Who was Arthur? Who is Arthur? Was there an Arthur? What do we know and how do we know it?
We will track the legendary yet mysterious king from his beginnings in the late 5th/early 6th century through 1500 years during which his story moved from history to folklore to romance to tragedy. A handout available online will put Arthur in the context of his earliest sources. We will move on to Geoffrey of Monmouth’s History of the Kings of Britain; the early Welsh fairy tale “Culhwch and Olwen” from the Mabinogion; two romances of Chrétien de Troyes—Lancelot and Perceval (in English translation); and a substantial portion of the Works of Sir Thomas Malory. Because each period created the king it wanted, we will encounter many Arthurs and many—even conflicting—versions of his story.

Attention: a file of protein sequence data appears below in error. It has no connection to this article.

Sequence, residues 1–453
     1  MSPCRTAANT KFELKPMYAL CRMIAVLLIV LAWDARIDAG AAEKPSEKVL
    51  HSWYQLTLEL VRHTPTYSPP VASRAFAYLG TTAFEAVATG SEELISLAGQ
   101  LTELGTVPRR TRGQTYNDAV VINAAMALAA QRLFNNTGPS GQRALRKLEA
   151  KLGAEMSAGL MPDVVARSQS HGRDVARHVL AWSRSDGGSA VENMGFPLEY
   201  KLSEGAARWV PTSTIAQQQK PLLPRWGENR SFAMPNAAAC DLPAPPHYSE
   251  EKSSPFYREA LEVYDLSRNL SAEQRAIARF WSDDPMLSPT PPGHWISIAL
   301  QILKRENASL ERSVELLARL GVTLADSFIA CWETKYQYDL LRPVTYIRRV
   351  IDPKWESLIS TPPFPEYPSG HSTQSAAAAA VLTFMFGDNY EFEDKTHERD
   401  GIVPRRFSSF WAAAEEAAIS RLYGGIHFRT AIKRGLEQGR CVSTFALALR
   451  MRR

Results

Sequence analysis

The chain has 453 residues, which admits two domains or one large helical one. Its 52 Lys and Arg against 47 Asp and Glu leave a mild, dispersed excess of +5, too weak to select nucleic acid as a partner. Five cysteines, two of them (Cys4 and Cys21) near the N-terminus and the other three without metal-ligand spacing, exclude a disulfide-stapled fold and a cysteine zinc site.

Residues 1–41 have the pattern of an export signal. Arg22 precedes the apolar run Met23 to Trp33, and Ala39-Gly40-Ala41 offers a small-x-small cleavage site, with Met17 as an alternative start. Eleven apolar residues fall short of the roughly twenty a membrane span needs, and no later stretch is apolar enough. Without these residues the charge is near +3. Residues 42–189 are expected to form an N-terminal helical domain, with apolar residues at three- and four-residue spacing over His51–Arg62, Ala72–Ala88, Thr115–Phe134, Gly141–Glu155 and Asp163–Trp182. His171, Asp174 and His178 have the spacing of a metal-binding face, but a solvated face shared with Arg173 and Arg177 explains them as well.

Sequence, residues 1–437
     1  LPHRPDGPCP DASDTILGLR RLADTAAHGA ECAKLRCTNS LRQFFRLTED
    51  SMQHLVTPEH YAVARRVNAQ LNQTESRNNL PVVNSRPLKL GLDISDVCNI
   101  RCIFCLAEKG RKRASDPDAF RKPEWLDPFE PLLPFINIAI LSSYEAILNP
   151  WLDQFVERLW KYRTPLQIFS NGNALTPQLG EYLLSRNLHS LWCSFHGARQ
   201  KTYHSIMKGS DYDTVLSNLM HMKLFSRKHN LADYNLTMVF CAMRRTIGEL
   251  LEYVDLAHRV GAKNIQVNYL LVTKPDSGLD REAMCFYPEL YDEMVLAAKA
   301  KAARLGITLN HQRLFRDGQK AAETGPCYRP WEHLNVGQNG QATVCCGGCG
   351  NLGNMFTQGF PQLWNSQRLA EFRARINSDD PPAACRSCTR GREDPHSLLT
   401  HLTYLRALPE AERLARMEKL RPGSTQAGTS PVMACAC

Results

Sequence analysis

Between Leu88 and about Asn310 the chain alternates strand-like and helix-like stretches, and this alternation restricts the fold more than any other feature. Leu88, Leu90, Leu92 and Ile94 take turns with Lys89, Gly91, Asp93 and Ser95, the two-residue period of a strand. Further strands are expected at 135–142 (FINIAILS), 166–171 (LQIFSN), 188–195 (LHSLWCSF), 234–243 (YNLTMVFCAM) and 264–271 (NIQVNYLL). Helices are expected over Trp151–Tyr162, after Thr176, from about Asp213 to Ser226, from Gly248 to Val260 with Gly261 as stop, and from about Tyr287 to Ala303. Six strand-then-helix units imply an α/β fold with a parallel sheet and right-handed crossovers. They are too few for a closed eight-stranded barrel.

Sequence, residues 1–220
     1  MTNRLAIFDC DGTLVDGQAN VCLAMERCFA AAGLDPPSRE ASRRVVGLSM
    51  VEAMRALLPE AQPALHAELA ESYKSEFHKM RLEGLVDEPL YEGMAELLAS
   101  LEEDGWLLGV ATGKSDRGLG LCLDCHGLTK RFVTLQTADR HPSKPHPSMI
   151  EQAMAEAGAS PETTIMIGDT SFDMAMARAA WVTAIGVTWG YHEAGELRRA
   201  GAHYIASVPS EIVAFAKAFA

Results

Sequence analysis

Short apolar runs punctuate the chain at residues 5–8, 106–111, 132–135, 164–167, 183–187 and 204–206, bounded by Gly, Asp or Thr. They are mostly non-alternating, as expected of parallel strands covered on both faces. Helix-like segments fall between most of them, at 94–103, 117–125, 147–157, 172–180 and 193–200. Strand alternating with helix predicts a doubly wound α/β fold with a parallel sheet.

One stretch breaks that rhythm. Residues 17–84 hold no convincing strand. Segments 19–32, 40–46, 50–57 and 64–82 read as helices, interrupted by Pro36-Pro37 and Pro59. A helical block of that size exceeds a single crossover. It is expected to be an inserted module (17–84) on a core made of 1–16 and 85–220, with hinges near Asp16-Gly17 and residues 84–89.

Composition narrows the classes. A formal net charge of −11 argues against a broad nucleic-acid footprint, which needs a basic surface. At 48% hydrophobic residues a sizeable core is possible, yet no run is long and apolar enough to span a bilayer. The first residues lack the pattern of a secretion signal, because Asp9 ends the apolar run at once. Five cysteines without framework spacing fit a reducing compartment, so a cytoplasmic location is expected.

The Arthur Story (Summer 2012)
The History of the Kings of Britain – Geoffrey of Monmouth, translated by Lewis Thorpe
The Mabinogion – translated by Thomas Jones and Gwen Jones
Lancelot; or, the Knight of the Cart – Chrétien de Troyes, translated by Ruth Harwood Cline
Perceval; or The Story of The Grail - Chrétien de Troyes, translated by Ruth Harwood Cline
Malory: Complete Works – Thomas Malory, edited by Eugene Vinaver
The Idylls of the King – Alfred Tennyson, edited by J.M. Gray